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The DOE Science News Source is a Newswise initiative to promote research news from the Office of Science of the DOE to the public and news media.
  • 2017-10-31 07:05:13
  • Article ID: 684222

Mission Not So Impossible Now: Control Complex Molecular Organization

Scientists achieved thin films with structures virtually impossible via traditional methods.

  • Credit: Image courtesy of Evgueni Nesterov, Louisiana State University

    Thin films of semiconducting polymers were made with a surface-initiated growth, resulting in a unique molecular organization. As shown in the schematic, polymer chains grew from the surface and then folded to form bundles through the film’s thickness. The bundles were crystalline and about 3 nanometers (nm) wide. The neighboring lateral bundles were densely packed side-by-side, creating a complex molecular organization. This controlled architecture could be used to enhance light-emitting devices and solar cells.

The Science

To build better solar cells, scientists need to design materials from the bottom up, placing chains of molecules just where they are needed. Scientists devised a new way to grow neatly arranged, densely packed bundles of molecular chains, specifically semiconducting polymer chains. The chains folded on themselves to make bundles that stretched from the growth plate to the film’s surface. The bundles were packed side-by-side with neighboring bundles. This bottom-up approach, starting with the building blocks and creating the larger structure, was used to make large-area films with tiny patterns. The films have controlled architecture, uniform assembly and excellent stability.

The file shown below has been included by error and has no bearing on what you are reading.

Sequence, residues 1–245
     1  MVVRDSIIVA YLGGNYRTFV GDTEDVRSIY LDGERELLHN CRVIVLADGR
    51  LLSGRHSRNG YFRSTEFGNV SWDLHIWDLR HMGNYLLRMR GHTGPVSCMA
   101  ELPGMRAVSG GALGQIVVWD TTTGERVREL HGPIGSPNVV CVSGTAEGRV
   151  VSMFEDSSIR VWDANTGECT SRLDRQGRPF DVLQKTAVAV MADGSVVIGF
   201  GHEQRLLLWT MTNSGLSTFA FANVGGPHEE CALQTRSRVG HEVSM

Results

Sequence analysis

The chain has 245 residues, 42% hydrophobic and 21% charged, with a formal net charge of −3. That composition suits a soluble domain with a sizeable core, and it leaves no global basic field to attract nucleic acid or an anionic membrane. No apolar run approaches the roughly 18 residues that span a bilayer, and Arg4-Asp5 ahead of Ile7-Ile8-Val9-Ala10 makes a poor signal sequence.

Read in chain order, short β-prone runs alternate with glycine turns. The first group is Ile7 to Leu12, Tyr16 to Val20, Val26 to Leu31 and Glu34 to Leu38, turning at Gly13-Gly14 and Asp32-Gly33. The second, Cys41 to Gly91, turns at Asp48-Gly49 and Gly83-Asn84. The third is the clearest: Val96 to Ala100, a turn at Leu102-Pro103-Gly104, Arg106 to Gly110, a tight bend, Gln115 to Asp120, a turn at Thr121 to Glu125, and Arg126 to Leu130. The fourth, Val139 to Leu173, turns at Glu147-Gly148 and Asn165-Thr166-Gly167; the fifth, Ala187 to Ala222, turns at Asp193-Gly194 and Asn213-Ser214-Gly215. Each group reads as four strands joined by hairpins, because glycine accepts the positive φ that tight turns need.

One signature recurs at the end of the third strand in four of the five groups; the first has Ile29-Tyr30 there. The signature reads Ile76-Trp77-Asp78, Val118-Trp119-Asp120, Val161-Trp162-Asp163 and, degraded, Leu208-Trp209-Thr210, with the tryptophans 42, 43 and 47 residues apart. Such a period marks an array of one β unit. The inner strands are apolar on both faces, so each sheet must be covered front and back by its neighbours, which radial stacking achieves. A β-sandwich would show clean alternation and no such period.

The Impact

The thin films of semiconducting polymers have a unique structure and are highly stable. The films could increase the efficiency and lifetime of organic light-emitting devices and solar cells.

Summary

Traditional methods using “top-down” solution-based processing typically only allow modest control over the molecular organization and chain alignment of semiconducting polymers. Now a team led by scientists at Louisiana State University have developed a “bottom-up” approach using surface-initiated growth of a semiconducting polymer called polythiophene to prepare thin films. Polythiophene is a promising organic electronic material. Extensive structural studies of the thin films using x-ray and neutron scattering revealed detailed information on the unique molecular organization and the bulk morphology of the films. The studies also further our fundamental understanding of the polymerization. Remarkably, the polymer chains formed densely packed lateral crystalline domains spanning about 3 nanometers, with predominant in-plane alignment of the folded polymer chains within each domain. Achieving such a complex intermediate-scale organization is virtually impossible with traditional methods relying on solution processing of pre-synthesized polymers. This unique morphology would be particularly suited for applications requiring efficient charge transport across the films, such as in photovoltaic and light-emitting devices. In general, surface-initiated polymerization is not limited to polythiophene but can also be expanded for other classes of semiconducting polymers and copolymers.

Funding

U.S. Department of Energy, Office of Science, Basic Energy Sciences including the Spallation Neutron Source and Advanced Photon Source, Office of Science user facilities, Louisiana Board of Regents, and the National Science Foundation (initial synthetic studies, graduate fellowship, and x-ray photoelectron spectroscopy).

Publication

S.G. Youm, E. Hwang, C.A. Chavez, X. Li, S. Chatterjee, K.L. Lusker, L. Lu, J. Strzalka, J.F. Ankner, Y. Losovyj, J.C. Garno, and E.E. Nesterov, “Polythiophene thin films by surface-initiated polymerization: Mechanistic and structural studies.” Chemistry of Materials 28, 4787 (2016). [DOI 10.1021/acs.chemmater.6b01957]

 

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